Performance Insights changes that by introducing a dashboard with visualization capabilities that let DBAs see a database load over time. It stores historical performance data for a rolling seven-day period at no additional cost.

The feature is still in preview, but Yu says that customers have already used it to optimize their workloads. For example, one DBA found an automated workload that attached itself to a cluster without their knowledge. With Performance Insights, they quickly discovered the reporting application had connected to the environment during the middle of the day, slowing down the database that was using the same resource.

Performance Insights can also help DBAs understand what types of queries are hitting the database, Yu adds.

"If you try to query the database based on a particular field that's not indexed, that could be very slow," he points out. That could prompt the DBA to alleviate the performance issue by building a new index.

Fast database cloning and Decimal128 data type

In July, the cloud provider added another feature to Amazon DocumentDB, fast database cloning. This feature quickly replicates clusters, enabling DBAs to conduct various development, analytics, and testing tasks without disrupting production.

The cloning feature can be used to help verify and test database changes on production data without impacting performance.

"You can change some parameters for Amazon DocumentDB and see how performance will react," Yu says. "A great use for this feature is to add some indexes and see how it impacts performance before implementing these changes in production."

The feature is also useful for running ad hoc reporting jobs that would interfere with read-write performance. Simply clone the database quickly and run the report against that up-to-the-minute data, he advises.

Two weeks after the fast database cloning release, AWS rolled out a third enhancement for Amazon DocumentDB in the form of the Decimal128 data type.

This data type extends the level of precision that the database can support when making calculations, and it helps to avoid rounding errors that developers can sometimes run into when dealing with decimal numbers. For example, 0.1 + 0.2 might yield 0.3 in your calculator, but it yields 0.30000000000000004 in the Python REPL.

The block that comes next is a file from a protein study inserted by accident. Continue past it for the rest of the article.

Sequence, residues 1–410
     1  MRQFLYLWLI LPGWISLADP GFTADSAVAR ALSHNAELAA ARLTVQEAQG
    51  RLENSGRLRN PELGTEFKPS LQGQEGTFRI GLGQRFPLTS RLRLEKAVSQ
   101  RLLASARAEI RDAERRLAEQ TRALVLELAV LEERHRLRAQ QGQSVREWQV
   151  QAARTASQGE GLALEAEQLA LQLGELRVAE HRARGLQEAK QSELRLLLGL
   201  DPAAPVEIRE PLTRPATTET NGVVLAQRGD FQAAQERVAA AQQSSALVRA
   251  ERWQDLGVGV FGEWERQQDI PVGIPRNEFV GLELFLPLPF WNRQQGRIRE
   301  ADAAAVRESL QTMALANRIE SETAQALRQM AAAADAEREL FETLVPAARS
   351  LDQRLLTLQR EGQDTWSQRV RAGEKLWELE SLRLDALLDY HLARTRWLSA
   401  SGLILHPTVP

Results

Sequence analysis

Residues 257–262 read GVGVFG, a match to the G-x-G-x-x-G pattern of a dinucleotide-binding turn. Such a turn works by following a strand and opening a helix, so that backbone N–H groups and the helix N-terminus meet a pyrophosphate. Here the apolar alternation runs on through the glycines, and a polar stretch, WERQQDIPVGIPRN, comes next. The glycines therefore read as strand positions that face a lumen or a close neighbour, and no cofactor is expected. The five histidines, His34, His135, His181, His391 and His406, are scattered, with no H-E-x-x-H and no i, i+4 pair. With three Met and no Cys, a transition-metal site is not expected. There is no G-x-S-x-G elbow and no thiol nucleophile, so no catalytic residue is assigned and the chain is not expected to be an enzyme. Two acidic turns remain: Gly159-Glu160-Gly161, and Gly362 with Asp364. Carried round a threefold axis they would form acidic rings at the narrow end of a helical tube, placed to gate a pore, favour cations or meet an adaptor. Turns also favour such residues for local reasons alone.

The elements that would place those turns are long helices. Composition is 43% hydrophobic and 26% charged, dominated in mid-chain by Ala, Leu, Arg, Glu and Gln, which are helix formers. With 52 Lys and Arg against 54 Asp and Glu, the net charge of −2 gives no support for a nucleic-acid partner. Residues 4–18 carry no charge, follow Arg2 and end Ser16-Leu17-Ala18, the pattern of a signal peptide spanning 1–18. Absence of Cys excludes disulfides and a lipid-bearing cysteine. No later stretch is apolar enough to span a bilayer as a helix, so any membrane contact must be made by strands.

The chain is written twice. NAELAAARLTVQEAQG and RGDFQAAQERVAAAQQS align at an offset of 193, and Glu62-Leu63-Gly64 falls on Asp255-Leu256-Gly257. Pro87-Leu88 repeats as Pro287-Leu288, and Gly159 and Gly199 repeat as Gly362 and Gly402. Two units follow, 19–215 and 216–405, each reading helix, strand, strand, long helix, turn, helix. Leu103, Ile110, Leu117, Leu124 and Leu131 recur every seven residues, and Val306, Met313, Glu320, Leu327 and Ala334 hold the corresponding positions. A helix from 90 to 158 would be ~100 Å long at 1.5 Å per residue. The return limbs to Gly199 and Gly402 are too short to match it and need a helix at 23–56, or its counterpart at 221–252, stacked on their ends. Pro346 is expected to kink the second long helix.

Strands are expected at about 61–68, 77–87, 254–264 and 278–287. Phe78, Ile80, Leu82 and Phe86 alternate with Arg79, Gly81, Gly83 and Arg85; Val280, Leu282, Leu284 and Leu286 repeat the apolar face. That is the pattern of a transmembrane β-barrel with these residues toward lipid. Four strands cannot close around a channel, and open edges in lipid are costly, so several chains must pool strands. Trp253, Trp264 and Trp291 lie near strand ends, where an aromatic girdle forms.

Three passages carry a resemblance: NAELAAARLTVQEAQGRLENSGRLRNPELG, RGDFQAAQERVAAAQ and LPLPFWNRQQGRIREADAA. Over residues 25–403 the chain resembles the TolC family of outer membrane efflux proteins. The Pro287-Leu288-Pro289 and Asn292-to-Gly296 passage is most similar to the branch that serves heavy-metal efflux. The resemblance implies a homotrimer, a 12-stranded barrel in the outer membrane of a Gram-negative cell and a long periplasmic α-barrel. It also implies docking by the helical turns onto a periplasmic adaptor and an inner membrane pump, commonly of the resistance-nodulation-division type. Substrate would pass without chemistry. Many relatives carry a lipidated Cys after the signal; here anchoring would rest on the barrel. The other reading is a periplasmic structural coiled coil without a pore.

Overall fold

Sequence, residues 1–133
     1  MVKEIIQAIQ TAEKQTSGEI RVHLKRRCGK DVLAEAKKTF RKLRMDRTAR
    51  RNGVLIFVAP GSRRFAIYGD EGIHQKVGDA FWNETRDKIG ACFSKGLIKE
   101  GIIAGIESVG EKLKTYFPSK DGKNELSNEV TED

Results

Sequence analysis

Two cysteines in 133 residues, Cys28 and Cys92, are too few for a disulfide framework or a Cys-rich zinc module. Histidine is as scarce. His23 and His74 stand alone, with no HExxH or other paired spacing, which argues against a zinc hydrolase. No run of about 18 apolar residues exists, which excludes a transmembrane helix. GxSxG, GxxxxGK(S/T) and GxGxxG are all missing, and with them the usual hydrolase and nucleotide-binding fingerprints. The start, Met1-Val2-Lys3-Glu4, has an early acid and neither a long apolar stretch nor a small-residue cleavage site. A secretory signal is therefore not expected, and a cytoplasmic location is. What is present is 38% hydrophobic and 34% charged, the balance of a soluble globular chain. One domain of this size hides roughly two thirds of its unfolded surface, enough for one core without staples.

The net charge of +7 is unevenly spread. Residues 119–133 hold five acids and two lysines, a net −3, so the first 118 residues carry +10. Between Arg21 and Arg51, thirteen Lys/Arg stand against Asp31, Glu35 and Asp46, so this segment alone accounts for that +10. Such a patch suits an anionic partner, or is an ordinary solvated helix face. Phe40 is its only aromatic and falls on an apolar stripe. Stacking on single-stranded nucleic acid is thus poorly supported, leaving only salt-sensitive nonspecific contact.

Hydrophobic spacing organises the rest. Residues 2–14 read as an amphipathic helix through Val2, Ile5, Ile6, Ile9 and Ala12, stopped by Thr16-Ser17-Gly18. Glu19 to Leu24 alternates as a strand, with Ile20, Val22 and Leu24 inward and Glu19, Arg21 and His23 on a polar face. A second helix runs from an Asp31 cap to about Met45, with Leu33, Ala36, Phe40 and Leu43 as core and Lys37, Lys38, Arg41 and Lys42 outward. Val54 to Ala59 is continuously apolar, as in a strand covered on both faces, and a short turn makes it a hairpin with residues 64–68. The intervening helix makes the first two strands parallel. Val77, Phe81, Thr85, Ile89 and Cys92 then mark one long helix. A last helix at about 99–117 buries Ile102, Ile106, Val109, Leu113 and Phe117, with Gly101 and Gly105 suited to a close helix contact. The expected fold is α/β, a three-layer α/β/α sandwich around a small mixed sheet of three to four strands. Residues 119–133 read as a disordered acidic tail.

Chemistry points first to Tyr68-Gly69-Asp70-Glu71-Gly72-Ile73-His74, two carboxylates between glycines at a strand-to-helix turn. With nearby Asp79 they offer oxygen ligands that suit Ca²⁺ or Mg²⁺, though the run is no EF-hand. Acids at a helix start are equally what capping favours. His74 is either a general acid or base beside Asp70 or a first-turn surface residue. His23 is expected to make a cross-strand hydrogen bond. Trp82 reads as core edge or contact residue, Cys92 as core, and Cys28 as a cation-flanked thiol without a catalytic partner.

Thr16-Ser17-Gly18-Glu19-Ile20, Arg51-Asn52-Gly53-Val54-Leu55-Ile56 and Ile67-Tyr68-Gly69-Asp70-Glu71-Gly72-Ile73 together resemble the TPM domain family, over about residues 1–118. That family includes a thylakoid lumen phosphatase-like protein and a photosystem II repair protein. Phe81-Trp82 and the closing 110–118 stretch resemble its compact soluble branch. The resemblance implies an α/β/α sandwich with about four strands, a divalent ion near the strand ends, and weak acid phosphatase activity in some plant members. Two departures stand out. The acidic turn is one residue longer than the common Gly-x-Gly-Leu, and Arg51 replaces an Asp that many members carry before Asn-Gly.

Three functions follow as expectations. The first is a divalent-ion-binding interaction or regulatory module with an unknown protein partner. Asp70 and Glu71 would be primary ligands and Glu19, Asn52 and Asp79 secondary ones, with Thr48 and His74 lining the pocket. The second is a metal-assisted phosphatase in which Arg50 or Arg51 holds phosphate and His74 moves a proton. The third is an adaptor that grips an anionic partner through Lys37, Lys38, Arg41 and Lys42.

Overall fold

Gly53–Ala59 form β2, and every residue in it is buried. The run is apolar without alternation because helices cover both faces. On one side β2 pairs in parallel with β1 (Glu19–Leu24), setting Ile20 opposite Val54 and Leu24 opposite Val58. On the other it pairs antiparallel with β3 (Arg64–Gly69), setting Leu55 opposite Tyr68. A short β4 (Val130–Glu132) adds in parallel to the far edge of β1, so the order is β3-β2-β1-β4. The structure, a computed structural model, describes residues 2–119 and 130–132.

"You may think that this is small, but it is really important," says Yu. Rounding off two hundred-quintillionths of a cent might not seem much, but when it comes to high precision applications, using Decimal128 is critical.

"It's intended for applications where it's necessary to have very high precision, especially on the decimal numbers," he explains. "You will want to use the Decimal128 data type when working with financial data, tax computations, or scientific and engineering applications that require a lot of precision in the decimal point."

Expanded auditing capabilities

In late August, AWS added support for yet another Amazon DocumentDB feature, Data Manipulation Language (DML) Auditing. This is in addition to the existing Data Definition Language (DDL) auditing capabilities already available with the service. DML Auditing lets customers audit reads, updates, inserts, and delete operations to Amazon CloudWatch.

It also enables customers operating in regulated industries, such as finance or healthcare, to comply with governance and compliance regulations, and enhance security posture, by recording database events.

"With DML Auditing you have an audit trail for everyone who accessed data," Yu says.

The DML Auditing feature is not turned on by default, but turning it on for new and existing database clusters is simple. With a slight configuration modification in the AWS console or AWS Command Line Interface (AWS CLI), the feature logs various aspects of a change event. These include when the change event happened, who was responsible for it and where they logged in from, the data or privilege that they changed, and what command caused it. You can also watch for Data Definition Language (DDL) events that change data structure, such as DROP or ALTER.

Alongside retroactive scans, the feature provides ongoing alerts, which is useful for those protecting sensitive data in the here and now. For example, DBAs handling privileged data can receive alerts when certain events take place such as reads, deletions, or bulk updates.

DBAs can also configure a retention policy in CloudWatch and export DML Auditing data to S3 for longer-term storage, Yu explains.

With customers ranging from Capital One to Dow Jones, Amazon DocumentDB is already well on its way to becoming a go-to tool for enterprises that need the flexibility of a native JSON document database without the hassle of self-management.

"We are committed to continuously innovating on behalf of our customers," says Yu, "and we look forward to this year's re:Invent to share more about upcoming features that will help our customers scale for the future".

Sponsored by AWS.